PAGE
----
On a daily basis we turn on the TV or read about Democrats screaming at Republicans, or vice versa. Despite screams from the opposition, a Democratically-led Congress was able to successfully push Obamacare through the House and Senate in 2010 in a partisan fashion. The Republicans, however, were unable to jam repeal Obamacare legislation seven years later – at least on their first attempt.
While many Americans who sit at the opposite end of the political spectrum continue to scream at each other until they’re purple in the face, data indicates it is the Independents who are controlling the outcomes of elections. More specifically, a recent Gallup poll shows that 43% of voters identify as political independents, while over the last decade the percentage of voters identifying themselves with the traditional parties of Democrats and Republicans have declined to 30% and 26%, respectively.
It is true, President Trump potentially has a very limited party majority window before next year’s midterm elections. While Republicans do currently have an advantage over Democrats, as I’ve stated before, there are more important issues than these political ones, especially when it relates to your finances.
Whether the discussion revolves around healthcare, tax reform, defense spending, or immigration, the amount of influence you as a voter have on the political outcomes pales in comparison to the amount of control you ultimately have over your personal financial situation. As I’ve written in the past (see also Getting to Your Number), creating a secure financial plan will impact your long-term monetary success much more than senseless cheering or screaming for Obamacare’s long-run success or failure.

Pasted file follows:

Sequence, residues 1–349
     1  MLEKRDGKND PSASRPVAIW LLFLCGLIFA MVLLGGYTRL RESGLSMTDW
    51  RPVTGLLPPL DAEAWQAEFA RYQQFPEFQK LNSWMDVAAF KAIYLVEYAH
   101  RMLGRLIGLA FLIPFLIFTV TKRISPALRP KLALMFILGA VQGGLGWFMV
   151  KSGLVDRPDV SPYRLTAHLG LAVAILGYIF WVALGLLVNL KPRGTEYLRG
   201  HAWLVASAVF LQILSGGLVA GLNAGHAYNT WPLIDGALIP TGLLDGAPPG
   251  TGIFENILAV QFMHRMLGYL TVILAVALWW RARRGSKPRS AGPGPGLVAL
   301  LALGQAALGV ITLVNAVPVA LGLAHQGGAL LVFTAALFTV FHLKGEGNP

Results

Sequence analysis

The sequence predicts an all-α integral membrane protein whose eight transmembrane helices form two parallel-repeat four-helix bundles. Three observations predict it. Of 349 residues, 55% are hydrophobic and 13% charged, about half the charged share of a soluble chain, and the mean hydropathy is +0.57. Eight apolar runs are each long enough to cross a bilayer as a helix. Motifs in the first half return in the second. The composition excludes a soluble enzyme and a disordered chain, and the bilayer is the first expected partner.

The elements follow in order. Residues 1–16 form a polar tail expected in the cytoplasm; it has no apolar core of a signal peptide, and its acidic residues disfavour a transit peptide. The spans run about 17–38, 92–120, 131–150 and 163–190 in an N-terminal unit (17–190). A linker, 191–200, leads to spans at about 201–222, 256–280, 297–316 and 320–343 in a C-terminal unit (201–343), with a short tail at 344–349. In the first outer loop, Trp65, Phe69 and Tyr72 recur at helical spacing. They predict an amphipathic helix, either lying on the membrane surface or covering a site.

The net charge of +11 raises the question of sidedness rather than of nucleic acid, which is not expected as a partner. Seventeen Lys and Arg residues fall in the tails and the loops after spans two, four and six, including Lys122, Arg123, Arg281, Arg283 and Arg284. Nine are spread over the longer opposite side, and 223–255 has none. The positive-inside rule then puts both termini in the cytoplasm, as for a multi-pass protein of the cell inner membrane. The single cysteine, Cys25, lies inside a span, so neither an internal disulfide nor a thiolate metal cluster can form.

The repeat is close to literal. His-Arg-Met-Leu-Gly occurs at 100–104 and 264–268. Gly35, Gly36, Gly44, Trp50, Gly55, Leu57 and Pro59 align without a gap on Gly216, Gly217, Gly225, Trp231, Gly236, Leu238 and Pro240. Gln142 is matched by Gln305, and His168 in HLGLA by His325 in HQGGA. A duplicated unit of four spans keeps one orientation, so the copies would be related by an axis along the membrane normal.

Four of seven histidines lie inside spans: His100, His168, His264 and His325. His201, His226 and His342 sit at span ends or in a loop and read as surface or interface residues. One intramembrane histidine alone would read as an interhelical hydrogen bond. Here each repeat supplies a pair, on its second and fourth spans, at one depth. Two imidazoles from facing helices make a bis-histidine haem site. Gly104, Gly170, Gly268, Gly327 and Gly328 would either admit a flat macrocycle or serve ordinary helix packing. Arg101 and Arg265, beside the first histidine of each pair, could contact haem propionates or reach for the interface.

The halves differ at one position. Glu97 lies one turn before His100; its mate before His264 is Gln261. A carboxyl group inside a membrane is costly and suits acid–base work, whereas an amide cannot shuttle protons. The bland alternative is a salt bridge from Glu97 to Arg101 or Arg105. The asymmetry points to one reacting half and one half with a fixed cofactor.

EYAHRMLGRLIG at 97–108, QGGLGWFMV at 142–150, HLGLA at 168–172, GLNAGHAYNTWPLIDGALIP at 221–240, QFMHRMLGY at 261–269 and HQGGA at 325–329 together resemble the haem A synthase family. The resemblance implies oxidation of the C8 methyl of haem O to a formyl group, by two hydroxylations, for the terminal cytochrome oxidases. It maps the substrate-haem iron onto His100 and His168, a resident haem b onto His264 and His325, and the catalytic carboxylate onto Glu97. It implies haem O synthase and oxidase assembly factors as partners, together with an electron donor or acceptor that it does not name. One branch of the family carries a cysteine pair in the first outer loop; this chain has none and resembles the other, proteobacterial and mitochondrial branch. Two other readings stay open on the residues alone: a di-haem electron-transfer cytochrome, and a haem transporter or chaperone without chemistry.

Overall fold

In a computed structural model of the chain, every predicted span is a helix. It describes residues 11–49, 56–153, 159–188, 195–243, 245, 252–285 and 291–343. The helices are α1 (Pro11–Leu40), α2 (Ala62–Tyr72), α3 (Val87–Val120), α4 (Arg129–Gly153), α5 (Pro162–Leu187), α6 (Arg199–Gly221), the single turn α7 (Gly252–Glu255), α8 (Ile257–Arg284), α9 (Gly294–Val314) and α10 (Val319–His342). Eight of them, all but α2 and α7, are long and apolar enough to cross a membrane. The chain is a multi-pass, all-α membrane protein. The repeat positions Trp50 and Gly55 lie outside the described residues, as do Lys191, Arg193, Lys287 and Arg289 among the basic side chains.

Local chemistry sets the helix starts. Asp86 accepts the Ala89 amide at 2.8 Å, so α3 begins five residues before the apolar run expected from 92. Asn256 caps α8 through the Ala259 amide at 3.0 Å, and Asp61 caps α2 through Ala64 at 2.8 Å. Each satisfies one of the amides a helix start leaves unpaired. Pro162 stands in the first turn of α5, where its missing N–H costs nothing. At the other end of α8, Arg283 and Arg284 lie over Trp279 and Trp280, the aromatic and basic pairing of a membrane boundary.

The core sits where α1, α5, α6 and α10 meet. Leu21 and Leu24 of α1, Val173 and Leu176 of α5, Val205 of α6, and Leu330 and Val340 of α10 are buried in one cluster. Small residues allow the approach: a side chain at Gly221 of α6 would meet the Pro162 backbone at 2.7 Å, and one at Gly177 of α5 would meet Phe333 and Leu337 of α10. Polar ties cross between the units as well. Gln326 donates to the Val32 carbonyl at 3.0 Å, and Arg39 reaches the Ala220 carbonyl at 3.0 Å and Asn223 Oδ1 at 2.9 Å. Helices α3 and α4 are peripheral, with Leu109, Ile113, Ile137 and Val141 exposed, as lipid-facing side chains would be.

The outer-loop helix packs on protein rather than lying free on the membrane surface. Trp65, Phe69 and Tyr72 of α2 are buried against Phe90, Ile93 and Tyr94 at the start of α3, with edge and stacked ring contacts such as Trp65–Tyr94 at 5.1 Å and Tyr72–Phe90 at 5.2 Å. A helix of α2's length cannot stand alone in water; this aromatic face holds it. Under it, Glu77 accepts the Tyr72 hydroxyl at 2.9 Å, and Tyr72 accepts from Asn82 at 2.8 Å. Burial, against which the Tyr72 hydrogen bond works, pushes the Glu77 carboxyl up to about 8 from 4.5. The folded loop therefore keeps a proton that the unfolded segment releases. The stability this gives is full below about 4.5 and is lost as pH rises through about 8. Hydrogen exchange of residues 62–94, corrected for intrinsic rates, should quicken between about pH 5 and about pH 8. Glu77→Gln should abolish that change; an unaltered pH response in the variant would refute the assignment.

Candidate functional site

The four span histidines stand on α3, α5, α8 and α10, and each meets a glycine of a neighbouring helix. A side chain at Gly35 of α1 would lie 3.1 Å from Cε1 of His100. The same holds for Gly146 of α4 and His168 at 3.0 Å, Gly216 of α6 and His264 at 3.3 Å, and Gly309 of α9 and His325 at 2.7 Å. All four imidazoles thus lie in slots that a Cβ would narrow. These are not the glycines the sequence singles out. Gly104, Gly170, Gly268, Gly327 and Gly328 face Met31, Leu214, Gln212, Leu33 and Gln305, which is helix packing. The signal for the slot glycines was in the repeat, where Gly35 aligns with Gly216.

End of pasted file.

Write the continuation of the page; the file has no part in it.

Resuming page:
More critical than focusing on politics, the importance of calculating your budget, income sources, time horizon, and risk tolerance should be higher priorities. Everybody’s personal situation is different, therefore it is essential to explore a variety of other essential questions, including the following:
- How many more years do you plan to work?
- How much income will you need in retirement?
- What is your expected return on investments, given your asset allocation?
- How much debt do you presently have, and what are your plans to reduce it?
- What are the probabilities of you gaining an inheritance, and at what estimated value?
- Do you have an estate plan in place?
- Do you have children, and if so, what are your educational goals, and what type of inheritance or financial support are you looking to provide your children?
Since every investor’s situation is unique, there are plenty of other items to investigate. Politics is a state of mind, so don’t let the vicissitudes of Washington DC affect your long-term financial well-being.